FRAMINGHAM, Mass. -- It is the first week of August. Danny O'Connor is on the phone with an ESPN Boston reporter, fumbling around the kitchen of his bare-bones Houston apartment looking for the cellphone number of his new trainer.
His living arrangement with another Worcester-bred boxer, Edwin Rodriguez, is pretty minimal: no car, no Internet, no television, no land line, two forks, a knife, a stack of paper plates, no couch, no mattress, a few bed sheets, a throw pillow, and -- no pens.
"I scratched this out on a paper plate with one of the forks," he says with a laugh.
How the 26-year-old Framingham native rose to prominence in the boxing world is a story in itself -- a state champion wrestler at 16, he dropped out of Framingham High before finishing at an alternative school and picking up boxing at the local Police Athletic League at age 19. By 2008, he had won 95 amateur fights, a National Golden Gloves title, and an alternate spot in the Beijing Olympics.
How he came to the depths of Houston, sleeping on a floor with little money and two forks, stems back to his most recent fight, last April in Laredo, Texas. Hours before the junior welterweight battle with Gabriel Bracero on Showtime, O'Connor learned he had anemia, and was coughing up blood in the locker room 10 minutes before the fight.
O'Connor, then 14-0, promptly got beaten by knockout. Worst of all, he ended up in the emergency room and needed reconstructive surgery on his nose.
When he returned home to Framingham to his wife, Diane, and infant son, O'Connor said he was so devastated by the loss that for weeks he barely got off the couch. By June, Diane had enough and sent him a text message while he was out with friends, letting him know he had to change his attitude.
So he did. With the help of advisor Mark Kitsmiller, O'Connor found a new trainer, Ronnie Shields, a former World Boxing Hall of Fame Trainer of the Year known for working with Mike Tyson, Evander Holyfield, Pernell Whitaker and David Tua at various points of their careers, among others.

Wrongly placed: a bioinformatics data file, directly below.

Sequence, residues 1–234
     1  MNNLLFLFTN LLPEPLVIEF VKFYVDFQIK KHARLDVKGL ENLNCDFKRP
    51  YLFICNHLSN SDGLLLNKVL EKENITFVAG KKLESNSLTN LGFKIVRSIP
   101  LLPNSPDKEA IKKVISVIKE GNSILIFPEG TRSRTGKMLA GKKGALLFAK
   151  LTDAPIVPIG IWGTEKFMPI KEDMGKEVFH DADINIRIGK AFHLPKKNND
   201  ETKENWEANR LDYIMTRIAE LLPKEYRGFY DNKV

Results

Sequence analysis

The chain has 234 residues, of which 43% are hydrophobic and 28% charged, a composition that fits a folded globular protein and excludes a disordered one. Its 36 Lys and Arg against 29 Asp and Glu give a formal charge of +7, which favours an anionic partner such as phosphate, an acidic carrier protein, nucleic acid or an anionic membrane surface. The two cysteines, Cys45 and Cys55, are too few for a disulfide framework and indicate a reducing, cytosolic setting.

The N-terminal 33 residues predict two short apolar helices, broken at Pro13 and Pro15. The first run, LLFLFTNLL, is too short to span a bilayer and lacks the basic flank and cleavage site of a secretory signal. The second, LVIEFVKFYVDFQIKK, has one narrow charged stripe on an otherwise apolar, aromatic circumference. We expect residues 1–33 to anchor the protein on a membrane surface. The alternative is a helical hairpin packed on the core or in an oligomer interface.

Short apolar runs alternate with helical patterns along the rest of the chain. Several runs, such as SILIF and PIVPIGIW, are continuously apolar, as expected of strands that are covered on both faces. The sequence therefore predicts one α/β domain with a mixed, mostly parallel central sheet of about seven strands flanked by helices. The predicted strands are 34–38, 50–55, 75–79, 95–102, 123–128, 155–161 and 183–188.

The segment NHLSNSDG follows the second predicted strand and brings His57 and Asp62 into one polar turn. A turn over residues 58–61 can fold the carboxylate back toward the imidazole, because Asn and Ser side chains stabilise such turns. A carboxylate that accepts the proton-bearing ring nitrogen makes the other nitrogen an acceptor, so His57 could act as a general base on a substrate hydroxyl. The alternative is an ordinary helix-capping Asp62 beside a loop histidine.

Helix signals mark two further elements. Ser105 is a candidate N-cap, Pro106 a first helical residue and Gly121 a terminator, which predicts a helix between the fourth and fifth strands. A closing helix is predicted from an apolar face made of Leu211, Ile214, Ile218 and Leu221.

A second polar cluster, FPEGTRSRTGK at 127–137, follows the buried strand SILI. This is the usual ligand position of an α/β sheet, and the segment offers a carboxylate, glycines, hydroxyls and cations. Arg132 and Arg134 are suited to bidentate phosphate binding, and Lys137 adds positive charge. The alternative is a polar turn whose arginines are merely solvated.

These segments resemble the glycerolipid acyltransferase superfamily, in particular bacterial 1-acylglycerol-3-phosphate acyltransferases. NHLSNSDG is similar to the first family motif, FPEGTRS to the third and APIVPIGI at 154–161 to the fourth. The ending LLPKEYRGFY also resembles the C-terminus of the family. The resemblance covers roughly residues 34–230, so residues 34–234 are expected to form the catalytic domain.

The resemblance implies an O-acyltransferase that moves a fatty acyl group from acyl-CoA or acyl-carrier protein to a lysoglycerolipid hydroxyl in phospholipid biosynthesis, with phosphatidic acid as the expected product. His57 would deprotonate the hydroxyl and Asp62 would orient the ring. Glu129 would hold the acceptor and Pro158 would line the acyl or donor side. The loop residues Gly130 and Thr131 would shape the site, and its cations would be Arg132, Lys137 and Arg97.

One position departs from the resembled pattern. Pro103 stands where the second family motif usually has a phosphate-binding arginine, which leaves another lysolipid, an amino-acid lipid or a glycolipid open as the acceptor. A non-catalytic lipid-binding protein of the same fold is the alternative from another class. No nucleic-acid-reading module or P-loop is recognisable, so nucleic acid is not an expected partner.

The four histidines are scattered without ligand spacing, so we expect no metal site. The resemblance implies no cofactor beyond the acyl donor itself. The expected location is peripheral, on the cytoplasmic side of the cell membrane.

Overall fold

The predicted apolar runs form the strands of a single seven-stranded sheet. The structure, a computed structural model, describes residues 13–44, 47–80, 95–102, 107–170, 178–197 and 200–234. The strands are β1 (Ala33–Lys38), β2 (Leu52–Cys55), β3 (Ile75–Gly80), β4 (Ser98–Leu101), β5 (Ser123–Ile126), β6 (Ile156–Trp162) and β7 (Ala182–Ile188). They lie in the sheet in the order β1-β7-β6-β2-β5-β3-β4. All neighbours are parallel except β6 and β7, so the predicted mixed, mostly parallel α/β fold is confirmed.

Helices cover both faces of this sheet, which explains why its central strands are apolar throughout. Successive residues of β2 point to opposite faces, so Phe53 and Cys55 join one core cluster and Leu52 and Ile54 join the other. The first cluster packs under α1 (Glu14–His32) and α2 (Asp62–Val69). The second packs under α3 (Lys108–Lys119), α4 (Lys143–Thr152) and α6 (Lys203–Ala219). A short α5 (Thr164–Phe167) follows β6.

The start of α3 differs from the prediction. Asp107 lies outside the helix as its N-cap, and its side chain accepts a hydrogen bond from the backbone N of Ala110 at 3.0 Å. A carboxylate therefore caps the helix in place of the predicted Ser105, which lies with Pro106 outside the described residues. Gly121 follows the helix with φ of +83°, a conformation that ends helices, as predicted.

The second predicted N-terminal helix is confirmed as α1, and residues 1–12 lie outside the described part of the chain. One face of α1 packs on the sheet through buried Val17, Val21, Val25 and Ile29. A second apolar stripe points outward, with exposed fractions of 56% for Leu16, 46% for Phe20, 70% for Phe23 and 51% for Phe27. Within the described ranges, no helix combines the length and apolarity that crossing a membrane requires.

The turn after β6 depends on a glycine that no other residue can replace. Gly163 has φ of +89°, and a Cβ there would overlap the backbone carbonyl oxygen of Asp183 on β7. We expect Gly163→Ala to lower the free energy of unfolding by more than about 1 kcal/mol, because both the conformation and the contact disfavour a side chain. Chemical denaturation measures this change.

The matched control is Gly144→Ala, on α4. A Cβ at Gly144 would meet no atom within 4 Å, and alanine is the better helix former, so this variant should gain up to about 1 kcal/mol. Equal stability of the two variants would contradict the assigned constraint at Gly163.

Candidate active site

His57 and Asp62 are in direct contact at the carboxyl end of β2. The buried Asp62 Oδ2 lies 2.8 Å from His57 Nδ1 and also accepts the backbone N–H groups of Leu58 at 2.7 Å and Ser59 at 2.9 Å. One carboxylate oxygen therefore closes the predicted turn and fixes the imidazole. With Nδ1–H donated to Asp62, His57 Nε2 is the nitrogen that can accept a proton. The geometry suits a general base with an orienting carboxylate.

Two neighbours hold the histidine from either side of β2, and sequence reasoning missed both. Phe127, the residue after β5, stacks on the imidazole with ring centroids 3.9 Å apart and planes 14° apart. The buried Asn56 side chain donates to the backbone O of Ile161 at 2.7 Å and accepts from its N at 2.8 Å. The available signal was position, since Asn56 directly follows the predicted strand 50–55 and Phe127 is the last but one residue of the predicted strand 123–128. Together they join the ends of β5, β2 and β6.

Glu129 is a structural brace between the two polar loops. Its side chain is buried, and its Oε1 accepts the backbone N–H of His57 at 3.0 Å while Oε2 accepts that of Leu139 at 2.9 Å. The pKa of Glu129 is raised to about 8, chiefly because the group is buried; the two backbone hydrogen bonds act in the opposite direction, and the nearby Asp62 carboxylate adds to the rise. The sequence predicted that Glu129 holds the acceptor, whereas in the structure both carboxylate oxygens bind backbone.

Soon enough, O'Connor was borrowing $500 from a close friend for a plane ticket and meal money, and shacking up with Rodriguez two miles from the gym, often traveling on foot to workouts.
He admits it's lonely, and it's been a grueling mental sacrifice -- "I've gotta watch my kid grow up through text messages, some nights it's really tough," he said. But in the same thread, he considers the experience with Shields the best career move he's made.
How much it's paying off will be found out Wednesday night, when he returns to the ring for the first time since that April fight, as part of the "Fight to Educate" event at the Verizon Wireless Arena in Manchester, N.H., facing Jaimie Del Cid (10-5) out of Phoenix. O'Connor will be representing the Douglas Bolanes Jr. Foundation, which was set up in memory of the 22-year-old MMA hopeful and Framingham native who was killed in a car crash last March. The foundation bought O'Connor his plane ticket back to Boston.
O'Connor's raw ability as a technically-sound boxer with a vicious uppercut has never been in doubt. Once, in one of his early pro fights, he hit an opponent hard enough to rip his own glove open.
But as a fighter? Shields has urged him to be more aggressive, sit down on his shots and cease letting the play come to him. He says Wednesday night's work will be "more basic stuff," and that he'll throw more punches "in this fight than you've ever seen from him."
On O'Connor's work ethic, Shields says he's "very eager, a hyper kinda guy, but that's a good thing."
Translating to his ceiling, Shields thinks it's potentially high.
"Shoot, as far as he wants to go," Shields said. "As long as he's willing to work. Sometimes it takes more than just skills, though. His confidence has to be sky high. Danny has to have confidence coming off the loss, I don't know where [his] confidence is right now but we'll see on Wednesday night. He's doing all the things you'd expect him to do in the gym, we've gotta see if it can translate into the fight."
O'Connor seems to be feeding off of his mentor's no-nonsense approach.
"I respect him so much," O'Connor said of Shields. "He's a genuine, laidback, really nice guy. But as soon as you're in the gym it's all business. He'll be the first to tell you if you're not working hard enough or doing something wrong. When you're in the gym, it's time to work. It's a different level of training down there, with all his experience and his knowledge.
"He's gonna be in the Hall of Fame of boxing, he's that good," said O'Connor. "You could tell right away it was just a different level of training."
Just how far will this go? Shields says that right now O'Connor is "still crawling."
"But within a year," he added, "Danny's gonna be the man."
Brendan Hall is a high schools reporter/editor for ESPNBoston.com.